“This partnership with VigiLanz is the most unique collaboration our company has undertaken since its founding nearly 50 years ago. As we moved forward with ever more sophisticated digital offerings, it was imperative that the company we aligned with share our values and commitment to improving the quality of treatment through focused clinical guidance at the point of care. VigiLanz was that company,” said Sanford Guide CEO and Managing Editor Jeb Sanford. “Together we have created a product that fully integrates trusted clinical treatment recommendations with top-rated clinical surveillance tools. Our goal is to improve patient outcomes while minimizing technology burdens on providers.”
 
For more information on the VigiLanz-Sanford Guide partnership, visit VigiLanz in booth #226 or Sanford Guide in booth #710 during IDWeek 2017, taking place October 4-8 in San Diego, CA.
 
About Sanford Guide
Since 1969, Sanford Guide has been a leader in point-of-care recommendations for the treatment of infectious diseases. Widely used by pharmacists, physicians, physician assistants, and nurses, Sanford Guide helps to improve patient care by providing carefully curated recommendations based on the latest evidence. With over 1 million users worldwide, Sanford Guide takes pride in responsiveness to customers, the development of innovative solutions, and providing content that is unparalleled in quality and clinical applicability.
 
About VigiLanz
Founded in 2001, VigiLanz Corporation (www.vigilanzcorp.com) is a privately held, rapidly growing provider of SaaS health care intelligence and predictive analytics. The firm is focused on aggregating disparate EHR transactional workflow and documentation data across health systems to identify real-time clinical issues that avoid or minimize harm, optimize clinical outcomes and support preventive care along the entire health system continuum. VigiLanz supports a large and growing community of hospital CMOs, CMIOs, CIOs, quality teams, infectious disease and control specialists, pharmacists, and other clinicians dedicated to real-time inpatient and outpatient care. VigiLanz is shaping the emerging era of real-time health care by delivering enterprise intelligence technology and services that improve clinical outcomes, patient care and operational effectiveness.

Download the press release.

September 19, 2017

September ID Update

ID Update is The Sanford Guide’s monthly summary of significant developments in the treatment of infectious diseases. Want to receive ID Update by e-mail? Click here to subscribe. We won’t spam you or share your contact information.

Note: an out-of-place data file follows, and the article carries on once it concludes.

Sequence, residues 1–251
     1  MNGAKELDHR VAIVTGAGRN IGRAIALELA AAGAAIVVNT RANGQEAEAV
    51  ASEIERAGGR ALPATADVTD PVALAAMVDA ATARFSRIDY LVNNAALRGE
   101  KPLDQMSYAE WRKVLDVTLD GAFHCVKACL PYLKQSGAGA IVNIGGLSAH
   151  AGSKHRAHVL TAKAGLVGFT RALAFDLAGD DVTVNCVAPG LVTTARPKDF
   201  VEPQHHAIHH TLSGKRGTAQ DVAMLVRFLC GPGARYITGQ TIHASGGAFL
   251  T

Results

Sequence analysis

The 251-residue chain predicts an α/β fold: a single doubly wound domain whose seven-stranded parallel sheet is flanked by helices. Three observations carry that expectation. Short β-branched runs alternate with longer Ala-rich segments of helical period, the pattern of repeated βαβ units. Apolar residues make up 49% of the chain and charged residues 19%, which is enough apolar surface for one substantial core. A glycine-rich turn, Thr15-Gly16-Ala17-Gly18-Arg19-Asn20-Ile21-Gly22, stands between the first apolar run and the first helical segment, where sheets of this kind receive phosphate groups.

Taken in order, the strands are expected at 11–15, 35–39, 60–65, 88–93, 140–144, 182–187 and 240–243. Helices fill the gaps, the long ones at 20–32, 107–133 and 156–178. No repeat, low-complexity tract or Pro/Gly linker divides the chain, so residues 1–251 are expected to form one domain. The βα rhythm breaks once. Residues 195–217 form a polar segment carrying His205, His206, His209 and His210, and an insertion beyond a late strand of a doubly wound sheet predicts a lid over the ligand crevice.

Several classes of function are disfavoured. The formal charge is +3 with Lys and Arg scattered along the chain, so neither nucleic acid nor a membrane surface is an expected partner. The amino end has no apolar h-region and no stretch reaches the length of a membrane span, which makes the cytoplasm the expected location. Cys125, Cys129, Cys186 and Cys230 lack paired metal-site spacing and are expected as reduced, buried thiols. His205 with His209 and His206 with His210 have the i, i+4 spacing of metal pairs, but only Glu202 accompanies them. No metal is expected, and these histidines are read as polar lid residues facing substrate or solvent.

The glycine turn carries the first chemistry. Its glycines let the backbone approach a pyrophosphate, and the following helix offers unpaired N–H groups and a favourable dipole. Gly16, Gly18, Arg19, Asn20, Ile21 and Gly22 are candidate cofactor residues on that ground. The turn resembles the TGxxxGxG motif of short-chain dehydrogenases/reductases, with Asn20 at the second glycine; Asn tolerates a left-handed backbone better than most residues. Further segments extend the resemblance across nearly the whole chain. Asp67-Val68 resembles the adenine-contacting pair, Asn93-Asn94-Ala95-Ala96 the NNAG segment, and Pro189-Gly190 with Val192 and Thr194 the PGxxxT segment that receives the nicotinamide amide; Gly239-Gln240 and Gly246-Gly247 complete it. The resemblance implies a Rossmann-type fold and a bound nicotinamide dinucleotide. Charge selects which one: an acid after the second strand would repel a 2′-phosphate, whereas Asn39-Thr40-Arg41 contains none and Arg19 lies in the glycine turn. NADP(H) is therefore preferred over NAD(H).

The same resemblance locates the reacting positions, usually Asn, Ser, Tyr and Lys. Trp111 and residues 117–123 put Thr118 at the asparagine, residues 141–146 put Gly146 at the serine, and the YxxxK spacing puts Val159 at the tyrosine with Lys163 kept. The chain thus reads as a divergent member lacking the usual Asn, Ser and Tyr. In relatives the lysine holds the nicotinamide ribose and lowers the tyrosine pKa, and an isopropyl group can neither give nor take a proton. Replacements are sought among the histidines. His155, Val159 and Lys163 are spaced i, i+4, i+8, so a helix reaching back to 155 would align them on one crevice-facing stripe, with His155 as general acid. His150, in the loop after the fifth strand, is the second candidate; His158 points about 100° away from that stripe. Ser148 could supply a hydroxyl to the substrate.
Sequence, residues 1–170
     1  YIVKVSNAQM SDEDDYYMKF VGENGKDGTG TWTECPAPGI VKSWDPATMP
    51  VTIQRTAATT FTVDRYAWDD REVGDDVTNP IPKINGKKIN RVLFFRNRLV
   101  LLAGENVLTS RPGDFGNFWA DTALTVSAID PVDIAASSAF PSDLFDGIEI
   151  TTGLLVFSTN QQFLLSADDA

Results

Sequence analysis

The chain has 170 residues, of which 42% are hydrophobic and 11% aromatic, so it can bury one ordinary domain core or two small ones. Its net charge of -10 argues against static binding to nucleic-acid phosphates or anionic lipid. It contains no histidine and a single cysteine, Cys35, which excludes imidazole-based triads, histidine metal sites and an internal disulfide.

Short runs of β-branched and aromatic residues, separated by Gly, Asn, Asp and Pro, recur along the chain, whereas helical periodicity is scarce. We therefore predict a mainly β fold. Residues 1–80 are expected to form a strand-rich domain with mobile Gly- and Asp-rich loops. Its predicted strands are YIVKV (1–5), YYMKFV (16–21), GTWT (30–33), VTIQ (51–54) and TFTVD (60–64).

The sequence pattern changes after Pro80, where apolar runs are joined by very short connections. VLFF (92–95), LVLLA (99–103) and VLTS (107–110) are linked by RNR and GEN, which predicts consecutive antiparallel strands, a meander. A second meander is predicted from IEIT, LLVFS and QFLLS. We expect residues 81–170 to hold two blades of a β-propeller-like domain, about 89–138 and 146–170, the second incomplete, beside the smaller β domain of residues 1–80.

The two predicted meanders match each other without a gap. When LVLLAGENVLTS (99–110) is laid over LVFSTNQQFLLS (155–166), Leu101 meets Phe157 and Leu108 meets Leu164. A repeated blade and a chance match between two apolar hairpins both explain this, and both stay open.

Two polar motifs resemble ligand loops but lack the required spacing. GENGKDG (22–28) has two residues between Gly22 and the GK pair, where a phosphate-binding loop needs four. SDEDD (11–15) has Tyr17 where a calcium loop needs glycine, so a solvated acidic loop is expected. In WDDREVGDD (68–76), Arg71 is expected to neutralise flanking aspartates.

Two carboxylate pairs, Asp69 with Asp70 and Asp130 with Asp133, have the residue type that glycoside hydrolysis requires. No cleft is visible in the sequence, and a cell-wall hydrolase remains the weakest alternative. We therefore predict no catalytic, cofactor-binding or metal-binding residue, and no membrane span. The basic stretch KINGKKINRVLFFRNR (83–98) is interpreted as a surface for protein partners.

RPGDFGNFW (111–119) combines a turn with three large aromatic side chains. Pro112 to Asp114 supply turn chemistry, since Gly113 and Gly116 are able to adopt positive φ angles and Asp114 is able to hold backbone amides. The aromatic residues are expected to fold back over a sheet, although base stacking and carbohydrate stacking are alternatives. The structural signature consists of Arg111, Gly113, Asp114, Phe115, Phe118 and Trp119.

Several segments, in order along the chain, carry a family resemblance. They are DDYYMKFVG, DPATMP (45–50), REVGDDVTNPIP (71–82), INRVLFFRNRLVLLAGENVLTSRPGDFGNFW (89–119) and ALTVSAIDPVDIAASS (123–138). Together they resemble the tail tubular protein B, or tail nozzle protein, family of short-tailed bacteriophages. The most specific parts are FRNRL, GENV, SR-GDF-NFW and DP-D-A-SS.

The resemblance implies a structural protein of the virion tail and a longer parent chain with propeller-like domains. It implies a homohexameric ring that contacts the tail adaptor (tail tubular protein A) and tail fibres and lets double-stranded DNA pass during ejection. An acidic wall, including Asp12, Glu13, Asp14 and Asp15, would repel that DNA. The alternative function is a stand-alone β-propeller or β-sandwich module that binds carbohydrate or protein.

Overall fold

Links marked with a “*” are accessible to Sanford Guide Web Edition and Sanford Guide All Access subscribers. Other links are accessible to all users.
 

New Drug Approvals

  • Benznidazole* for the treatment of pediatric patients 2 to 12 years of age with Chagas disease* (American trypanosomiasis), a parasitic infection caused by Trypanosoma cruzi. Recommended dosage: 5-8 mg/kg/day (divided q12h) x60 days.
  • Vabomere (Meropenem + Vaborbactam)* for the treatment of patients ≥18 years of age with complicated urinary tract infection including pyelonephritis caused by E. coli, K. pneumoniae, and E. cloacae. Meropenem is a carbapenem and Vaborbactam is a cyclic boronic acid beta-lactamase inhibitor. Recommended dosage in normal renal function: 4 gm (Meropenem 2 gm/Vaborbactam 2 gm) IV q8h (each dose infused over 3 hr).

Updated Treatment Guidelines

  • The annual report from the Advisory Committee on Immunization Practices (ACIP) regarding the use of influenza* vaccines has been released (MMWR Recomm Rep 2017; 66 [No. RR-2]: 1–20). For the 2017–18 season, inactivated and recombinant influenza vaccine will be available in trivalent and quadrivalent formulations. Live attenuated influenza vaccine is not recommended due to concerns about its effectiveness against (H1N1)pdm09 viruses during the 2013–14 and 2015–16 seasons. No preferential recommendation is made for one vaccine product over another for persons for whom more than one licensed, recommended product is available. The full report is available on the CDC MMWR website.
  • Recommendations from the American Academy of Pediatrics (AAP) for routine use of the seasonal influenza vaccine and antiviral medications for the prevention and treatment of influenza in children have been published online (Pediatrics 2017 Sep 4 [Epub ahead of print]). The AAP recommends that pediatricians offer influenza vaccine to all children 6 months of age and older, as soon as the vaccine becomes available, in order to complete vaccination and provide protection before the flu season starts. The recommendations are available for download on the AAP website.
  • The Guidance for Non-HIV-Specialized Providers Caring for Persons with HIV Displaced by Disasters has been updated. Included are recommendations based on the current standard of care for persons with HIV infection and also specific guidance on management of HIV infection during pregnancy. In addition, the guidance includes an intake form clinicians can use when evaluating a patient with HIV, a collection of web-based resources for information on treatment and prevention of HIV, and a list of temporary regimen substitutions in case of supply shortages. The guidance is available for download on the AIDSinfo website.
  • Updated European guidelines for the management of genital herpes have been published online (Int J STD AIDS 2017 Jan 1 [Epub ahead of print]). The guidelines are available for download on the International Union against Sexually Transmitted Infections (IUSTI) website.
  • Updated guidelines for the diagnosis and empirical treatment of fever of unknown origin in adult neutropenic* patients from the Infectious Diseases Working Party (AGIHO) of the German Society of Hematology and Medical Oncology (DGHO) have been published (Ann Hematol 2017 Aug 30 [Epub ahead of print]). These guidelines update the 2003 release and are available for download on the journal website.